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J Med Internet Res. 2019 Mar 19;21(3):e12568. doi: 10.2196/12568.

The Case for a Hippocratic Oath for Connected Medical Devices: Viewpoint.

Woods B#1,2,3, Coravos A#1,4,5,6, Corman JD#1,3,7,8.

Author information

1
I Am The Cavalry, Washington, DC, United States.
2
Biohacking Village, New York, NY, United States.
3
Atlantic Council, Washington, DC, United States.
4
Elektra Labs, Boston, MA, United States.
5
Harvard-MIT Center for Regulatory Science, Harvard University, Boston, MA, United States.
6
Digital Medicine (DiMe) Society, New York, NY, United States.
7
Heinz College of Information Systems and Public Policy, Carnegie Mellon University, Pittsburgh, PA, United States.
8
PTC, Needham, MA, United States.
#
Contributed equally

Abstract

Prior to graduating from medical school, soon-to-be physicians take the Hippocratic Oath, a symbolic declaration to provide care in the best interest of patients. As the medical community increasingly deploys connected devices to deliver patient care, a critical question emerges: should the manufacturers and adopters of these connected technologies be governed by the symbolic spirit of the Hippocratic Oath? In 2016, I Am The Cavalry, a grassroots initiative from the cybersecurity research community, published the first Hippocratic Oath for Connected Medical Devices (HOCMD), containing 5 principles. Over the past three years, the HOCMD has gained broad support and influenced regulatory policy. We introduce 5 case studies of the HOCMD in practice, illustrating how the 5 principles can lead to a safer and more effective adoption of connected medical technologies.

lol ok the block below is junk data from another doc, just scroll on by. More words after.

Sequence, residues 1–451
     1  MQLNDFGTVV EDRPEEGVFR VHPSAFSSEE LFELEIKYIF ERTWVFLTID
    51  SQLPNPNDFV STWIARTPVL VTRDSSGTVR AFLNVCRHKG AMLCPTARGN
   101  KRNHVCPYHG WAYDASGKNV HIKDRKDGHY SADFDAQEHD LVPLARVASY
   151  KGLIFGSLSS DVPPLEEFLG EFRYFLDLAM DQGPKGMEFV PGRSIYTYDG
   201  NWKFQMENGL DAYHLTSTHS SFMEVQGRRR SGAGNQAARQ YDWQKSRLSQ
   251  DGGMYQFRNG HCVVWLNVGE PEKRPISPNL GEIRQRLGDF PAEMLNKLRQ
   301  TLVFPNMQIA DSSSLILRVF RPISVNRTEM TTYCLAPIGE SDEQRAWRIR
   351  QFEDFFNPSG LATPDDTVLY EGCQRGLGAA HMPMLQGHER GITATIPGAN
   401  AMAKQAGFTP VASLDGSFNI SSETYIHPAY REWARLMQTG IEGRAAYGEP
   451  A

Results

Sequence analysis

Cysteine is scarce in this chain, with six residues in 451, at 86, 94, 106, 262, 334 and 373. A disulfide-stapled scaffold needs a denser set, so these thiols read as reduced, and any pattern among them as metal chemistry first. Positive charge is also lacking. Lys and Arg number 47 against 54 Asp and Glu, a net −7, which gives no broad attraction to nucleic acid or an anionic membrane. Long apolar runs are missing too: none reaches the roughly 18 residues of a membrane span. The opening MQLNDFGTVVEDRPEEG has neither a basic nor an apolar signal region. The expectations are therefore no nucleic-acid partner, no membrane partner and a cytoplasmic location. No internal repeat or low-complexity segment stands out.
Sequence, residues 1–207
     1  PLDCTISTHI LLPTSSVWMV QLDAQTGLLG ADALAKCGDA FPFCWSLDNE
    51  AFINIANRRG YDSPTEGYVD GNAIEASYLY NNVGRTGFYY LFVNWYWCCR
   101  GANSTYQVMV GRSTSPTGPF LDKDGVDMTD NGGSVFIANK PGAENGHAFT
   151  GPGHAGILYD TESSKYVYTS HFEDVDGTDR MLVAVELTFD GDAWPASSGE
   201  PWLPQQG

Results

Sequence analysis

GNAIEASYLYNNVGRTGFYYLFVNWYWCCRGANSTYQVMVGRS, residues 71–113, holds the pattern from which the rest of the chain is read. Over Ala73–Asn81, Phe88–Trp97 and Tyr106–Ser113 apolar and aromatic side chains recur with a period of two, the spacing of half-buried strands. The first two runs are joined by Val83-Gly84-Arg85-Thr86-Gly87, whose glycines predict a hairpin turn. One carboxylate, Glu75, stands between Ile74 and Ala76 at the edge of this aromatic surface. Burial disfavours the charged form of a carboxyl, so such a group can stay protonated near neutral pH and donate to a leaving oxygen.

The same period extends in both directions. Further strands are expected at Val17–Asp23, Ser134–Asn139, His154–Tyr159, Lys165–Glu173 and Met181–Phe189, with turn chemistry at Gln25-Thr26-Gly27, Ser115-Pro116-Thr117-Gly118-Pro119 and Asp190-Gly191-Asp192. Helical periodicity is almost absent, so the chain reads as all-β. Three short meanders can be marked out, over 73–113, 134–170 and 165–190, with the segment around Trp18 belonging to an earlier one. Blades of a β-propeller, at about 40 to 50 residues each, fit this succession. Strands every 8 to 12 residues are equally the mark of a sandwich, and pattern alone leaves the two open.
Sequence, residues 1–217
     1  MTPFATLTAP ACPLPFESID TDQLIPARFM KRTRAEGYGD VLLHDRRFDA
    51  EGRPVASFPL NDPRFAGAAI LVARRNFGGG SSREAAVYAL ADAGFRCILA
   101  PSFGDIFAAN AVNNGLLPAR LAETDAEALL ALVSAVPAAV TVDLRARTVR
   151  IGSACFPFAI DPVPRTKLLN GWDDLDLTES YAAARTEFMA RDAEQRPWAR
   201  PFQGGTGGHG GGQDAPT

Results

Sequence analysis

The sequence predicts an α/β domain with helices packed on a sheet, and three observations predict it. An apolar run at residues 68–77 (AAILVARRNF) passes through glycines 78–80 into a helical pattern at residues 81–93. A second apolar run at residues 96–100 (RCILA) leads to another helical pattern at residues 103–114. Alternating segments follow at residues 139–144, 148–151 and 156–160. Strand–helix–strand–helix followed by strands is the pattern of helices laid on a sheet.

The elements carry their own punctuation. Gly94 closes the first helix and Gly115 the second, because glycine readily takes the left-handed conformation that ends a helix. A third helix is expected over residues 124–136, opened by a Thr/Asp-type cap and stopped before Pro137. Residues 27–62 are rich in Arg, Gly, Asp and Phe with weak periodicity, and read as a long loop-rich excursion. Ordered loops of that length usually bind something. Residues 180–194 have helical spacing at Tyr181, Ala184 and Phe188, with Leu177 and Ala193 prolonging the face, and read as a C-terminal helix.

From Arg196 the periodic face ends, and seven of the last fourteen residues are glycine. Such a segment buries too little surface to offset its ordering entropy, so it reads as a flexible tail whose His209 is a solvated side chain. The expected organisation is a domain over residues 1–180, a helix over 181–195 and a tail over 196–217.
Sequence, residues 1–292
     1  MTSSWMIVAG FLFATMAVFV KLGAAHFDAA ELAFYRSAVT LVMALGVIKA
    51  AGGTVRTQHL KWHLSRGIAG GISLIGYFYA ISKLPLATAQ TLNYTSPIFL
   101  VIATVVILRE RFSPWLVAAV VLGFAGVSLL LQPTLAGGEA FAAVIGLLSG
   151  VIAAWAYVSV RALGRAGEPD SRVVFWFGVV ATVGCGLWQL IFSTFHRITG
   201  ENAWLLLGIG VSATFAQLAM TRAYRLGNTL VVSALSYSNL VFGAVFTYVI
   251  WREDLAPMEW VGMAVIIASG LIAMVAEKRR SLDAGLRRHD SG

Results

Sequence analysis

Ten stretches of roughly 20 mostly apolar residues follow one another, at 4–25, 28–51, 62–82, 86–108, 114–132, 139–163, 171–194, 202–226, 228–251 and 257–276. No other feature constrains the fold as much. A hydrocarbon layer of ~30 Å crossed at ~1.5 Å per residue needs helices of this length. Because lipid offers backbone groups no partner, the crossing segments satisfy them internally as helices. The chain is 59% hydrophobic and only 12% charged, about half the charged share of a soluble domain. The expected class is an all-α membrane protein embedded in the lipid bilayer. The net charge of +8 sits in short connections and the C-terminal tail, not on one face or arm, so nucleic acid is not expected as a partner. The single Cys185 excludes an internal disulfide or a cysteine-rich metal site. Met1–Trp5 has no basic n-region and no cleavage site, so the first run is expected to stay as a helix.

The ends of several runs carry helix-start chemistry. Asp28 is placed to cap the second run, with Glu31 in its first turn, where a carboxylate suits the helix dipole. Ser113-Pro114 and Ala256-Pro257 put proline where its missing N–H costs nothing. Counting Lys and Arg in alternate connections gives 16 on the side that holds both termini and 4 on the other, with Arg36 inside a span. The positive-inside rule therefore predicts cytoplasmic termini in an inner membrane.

KEYWORDS:

connected devices; cybersecurity; delivery of health care; ethics; information technology

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